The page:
Feeds

Tunis World Summit ‘in great danger’

PrepCom president urges world’s governments to pull fingers out

High performance access to file storage

Check out Kieren's radio report on Prepcom 3

The first ever World Summit on the Internet is "in great danger", according to the president of its preparatory committees, unless governments pull out all stops in the next two days.

Janis Karklins, who is also Latvia’s ambassador to the United Nations, convened a special meeting of world governments in Geneva at 3pm today to deliver the blunt message.

"There is progress, but it is slow," he warned. "We have only two-and-a-half working days left but so far we have negotiated only 15 to 20 per cent of the overall text." The conference at the Palais des Nations has been running for nearly eight days now and has been bogged down by lengthy negotiation.

Karklins squashed rumours that there may be a fourth conference just prior to the World Summit in November, stating: "The rumours of a possible new PrepCom are simply false; there will not be any more apart from this one."

That much was confirmed by the Tunisian Ambassador, whose country is hosting the summit. He explained simply: "Tunisia is not willing to host or organise any other PrepComs."

With the ball now squarely in the government’s court, Karklins urged delegates to use "all your skills and knowledge to search for compromise and solutions". "The art of diplomacy," he went on, "lies not only in the ability to defend national positions but in defending national positions to find solution and compromise."

The pace of work, he said, would have to dramatically increase and the ongoing semantic arguments over which precise word is better than another end immediately.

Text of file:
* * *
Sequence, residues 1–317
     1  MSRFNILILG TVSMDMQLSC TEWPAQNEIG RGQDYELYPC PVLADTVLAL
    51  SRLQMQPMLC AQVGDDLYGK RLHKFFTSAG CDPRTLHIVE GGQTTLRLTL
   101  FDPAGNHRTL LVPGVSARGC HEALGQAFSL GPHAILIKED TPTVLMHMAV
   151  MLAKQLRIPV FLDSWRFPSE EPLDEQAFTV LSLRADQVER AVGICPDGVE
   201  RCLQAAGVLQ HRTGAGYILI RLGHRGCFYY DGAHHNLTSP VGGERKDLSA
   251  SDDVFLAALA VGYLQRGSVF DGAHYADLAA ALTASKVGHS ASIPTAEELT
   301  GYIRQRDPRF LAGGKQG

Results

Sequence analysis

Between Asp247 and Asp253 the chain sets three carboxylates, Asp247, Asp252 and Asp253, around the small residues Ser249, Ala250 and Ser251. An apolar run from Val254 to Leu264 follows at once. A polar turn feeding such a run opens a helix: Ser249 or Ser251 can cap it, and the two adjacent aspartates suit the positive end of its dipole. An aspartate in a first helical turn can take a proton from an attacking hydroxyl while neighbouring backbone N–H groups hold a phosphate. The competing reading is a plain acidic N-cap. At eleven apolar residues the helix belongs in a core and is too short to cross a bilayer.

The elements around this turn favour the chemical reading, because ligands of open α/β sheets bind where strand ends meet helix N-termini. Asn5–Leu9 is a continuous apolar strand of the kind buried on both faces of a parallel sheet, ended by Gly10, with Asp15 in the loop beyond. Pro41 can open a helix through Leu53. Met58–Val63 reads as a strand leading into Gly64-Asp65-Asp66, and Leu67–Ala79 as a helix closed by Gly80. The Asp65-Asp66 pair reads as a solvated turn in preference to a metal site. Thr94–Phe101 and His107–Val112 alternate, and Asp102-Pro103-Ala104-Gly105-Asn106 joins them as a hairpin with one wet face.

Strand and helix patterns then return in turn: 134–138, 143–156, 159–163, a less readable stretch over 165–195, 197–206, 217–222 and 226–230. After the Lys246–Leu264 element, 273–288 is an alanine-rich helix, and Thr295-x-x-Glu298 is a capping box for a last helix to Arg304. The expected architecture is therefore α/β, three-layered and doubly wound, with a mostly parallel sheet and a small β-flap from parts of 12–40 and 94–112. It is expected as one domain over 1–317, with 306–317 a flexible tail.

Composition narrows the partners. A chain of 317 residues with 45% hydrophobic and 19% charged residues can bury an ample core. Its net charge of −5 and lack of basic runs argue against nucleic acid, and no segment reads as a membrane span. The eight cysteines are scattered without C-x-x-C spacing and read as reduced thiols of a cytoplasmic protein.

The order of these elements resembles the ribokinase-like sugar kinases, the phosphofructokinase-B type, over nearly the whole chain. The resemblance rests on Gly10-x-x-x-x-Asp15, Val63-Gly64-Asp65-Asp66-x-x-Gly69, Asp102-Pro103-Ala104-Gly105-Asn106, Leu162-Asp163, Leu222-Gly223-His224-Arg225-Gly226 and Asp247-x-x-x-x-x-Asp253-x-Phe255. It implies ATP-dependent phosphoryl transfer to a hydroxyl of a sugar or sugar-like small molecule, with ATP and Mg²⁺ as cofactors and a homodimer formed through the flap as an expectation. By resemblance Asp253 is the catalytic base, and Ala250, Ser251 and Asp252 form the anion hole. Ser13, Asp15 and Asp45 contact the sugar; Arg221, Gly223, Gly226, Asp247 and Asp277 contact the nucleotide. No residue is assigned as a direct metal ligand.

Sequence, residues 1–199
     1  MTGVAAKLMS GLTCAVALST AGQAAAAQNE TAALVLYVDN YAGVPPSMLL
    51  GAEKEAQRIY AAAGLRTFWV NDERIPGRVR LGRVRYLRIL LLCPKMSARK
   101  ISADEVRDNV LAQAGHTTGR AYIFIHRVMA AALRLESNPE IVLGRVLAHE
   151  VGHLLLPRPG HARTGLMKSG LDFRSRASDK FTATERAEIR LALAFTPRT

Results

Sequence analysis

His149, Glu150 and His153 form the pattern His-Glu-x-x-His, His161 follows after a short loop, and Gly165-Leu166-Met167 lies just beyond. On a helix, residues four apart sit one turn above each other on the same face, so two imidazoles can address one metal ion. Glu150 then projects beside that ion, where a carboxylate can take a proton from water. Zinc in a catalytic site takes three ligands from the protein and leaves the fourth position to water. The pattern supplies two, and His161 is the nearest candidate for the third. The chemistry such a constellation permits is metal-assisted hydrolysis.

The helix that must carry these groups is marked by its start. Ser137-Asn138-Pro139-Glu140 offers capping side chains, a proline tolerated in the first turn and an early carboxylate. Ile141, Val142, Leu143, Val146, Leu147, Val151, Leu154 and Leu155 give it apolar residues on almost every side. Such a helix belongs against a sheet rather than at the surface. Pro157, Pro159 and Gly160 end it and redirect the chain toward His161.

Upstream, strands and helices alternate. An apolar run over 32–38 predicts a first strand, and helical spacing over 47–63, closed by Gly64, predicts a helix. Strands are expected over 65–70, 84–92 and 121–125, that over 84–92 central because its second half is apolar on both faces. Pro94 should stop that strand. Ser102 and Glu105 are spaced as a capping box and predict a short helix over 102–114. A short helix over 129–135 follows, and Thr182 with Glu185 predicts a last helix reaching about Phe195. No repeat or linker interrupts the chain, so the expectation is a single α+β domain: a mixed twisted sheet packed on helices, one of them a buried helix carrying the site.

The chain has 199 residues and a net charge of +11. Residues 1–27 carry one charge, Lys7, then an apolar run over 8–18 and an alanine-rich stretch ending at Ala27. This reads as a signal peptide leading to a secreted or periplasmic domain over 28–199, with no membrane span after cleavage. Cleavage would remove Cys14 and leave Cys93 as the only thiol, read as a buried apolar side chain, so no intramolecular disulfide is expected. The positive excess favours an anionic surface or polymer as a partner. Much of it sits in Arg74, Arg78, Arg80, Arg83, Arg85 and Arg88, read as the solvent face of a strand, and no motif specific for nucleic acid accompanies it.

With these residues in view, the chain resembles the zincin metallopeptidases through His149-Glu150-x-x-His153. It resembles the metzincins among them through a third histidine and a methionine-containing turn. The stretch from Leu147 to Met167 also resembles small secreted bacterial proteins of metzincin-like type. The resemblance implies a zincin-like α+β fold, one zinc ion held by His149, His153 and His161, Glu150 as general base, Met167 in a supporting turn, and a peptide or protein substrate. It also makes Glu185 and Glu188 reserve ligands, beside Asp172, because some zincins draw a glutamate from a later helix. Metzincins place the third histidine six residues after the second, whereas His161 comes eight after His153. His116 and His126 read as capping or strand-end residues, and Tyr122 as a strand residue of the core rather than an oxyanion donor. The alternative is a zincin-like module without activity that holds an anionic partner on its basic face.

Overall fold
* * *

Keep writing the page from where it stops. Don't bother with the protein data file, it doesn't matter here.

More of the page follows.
This view was supported by Tunisia, Bangladesh, Russia and Switzerland - with the Swiss urging people not to reopen previously agreed texts. And with the president again urging all those in the room to consider the very tight timeframe for agreement, the special meetings was ended.

Whether it has the desired impact should be seen tonight when freshly negotiated text is released for three hours of further discussion at 6pm tonight. ®

High performance access to file storage

More from The Register

next story
Sorry London, Europe's top tech city is Munich
New 'Atlas of ICT Activity' finds innovation isn't happening at Silicon Roundabout
MtGox chief Karpelès refuses to come to US for g-men's grilling
Bitcoin baron says he needs another lawyer for FinCEN chat
Dropbox defends fantastically badly timed Condoleezza Rice appointment
'Nothing is going to change with Dr. Rice's appointment,' file sharer promises
Audio fans, prepare yourself for the Second Coming ... of Blu-ray
High Fidelity Pure Audio – is this what your ears have been waiting for?
Did a date calculation bug just cost hard-up Co-op Bank £110m?
And just when Brit banking org needs £400m to stay afloat
Zucker punched: Google gobbles Facebook-wooed Titan Aerospace
Up, up and away in my beautiful balloon flying broadband-bot
Apple DOMINATES the Valley, rakes in more profit than Google, HP, Intel, Cisco COMBINED
Cook & Co. also pay more taxes than those four worthies PLUS eBay and Oracle
It may be ILLEGAL to run Heartbleed health checks – IT lawyer
Do the right thing, earn up to 10 years in clink
prev story

Whitepapers

Securing web applications made simple and scalable
In this whitepaper learn how automated security testing can provide a simple and scalable way to protect your web applications.
Five 3D headsets to be won!
We were so impressed by the Durovis Dive headset we’ve asked the company to give some away to Reg readers.
HP ArcSight ESM solution helps Finansbank
Based on their experience using HP ArcSight Enterprise Security Manager for IT security operations, Finansbank moved to HP ArcSight ESM for fraud management.
The benefits of software based PBX
Why you should break free from your proprietary PBX and how to leverage your existing server hardware.
Mobile application security study
Download this report to see the alarming realities regarding the sheer number of applications vulnerable to attack, as well as the most common and easily addressable vulnerability errors.